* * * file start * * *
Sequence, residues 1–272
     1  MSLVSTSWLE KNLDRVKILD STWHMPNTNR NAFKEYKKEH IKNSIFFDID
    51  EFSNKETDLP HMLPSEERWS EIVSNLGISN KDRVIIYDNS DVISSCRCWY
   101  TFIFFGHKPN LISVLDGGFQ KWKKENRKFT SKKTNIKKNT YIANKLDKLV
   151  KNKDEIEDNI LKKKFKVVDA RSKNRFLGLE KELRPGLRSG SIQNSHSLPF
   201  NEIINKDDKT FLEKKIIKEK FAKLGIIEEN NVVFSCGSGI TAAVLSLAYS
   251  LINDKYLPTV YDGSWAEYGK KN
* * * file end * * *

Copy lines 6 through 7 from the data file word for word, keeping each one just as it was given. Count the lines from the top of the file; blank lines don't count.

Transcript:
   201  NEIINKDDKT FLEKKIIKEK FAKLGIIEEN NVVFSCGSGI TAAVLSLAYS
   251  LINDKYLPTV YDGSWAEYGK KN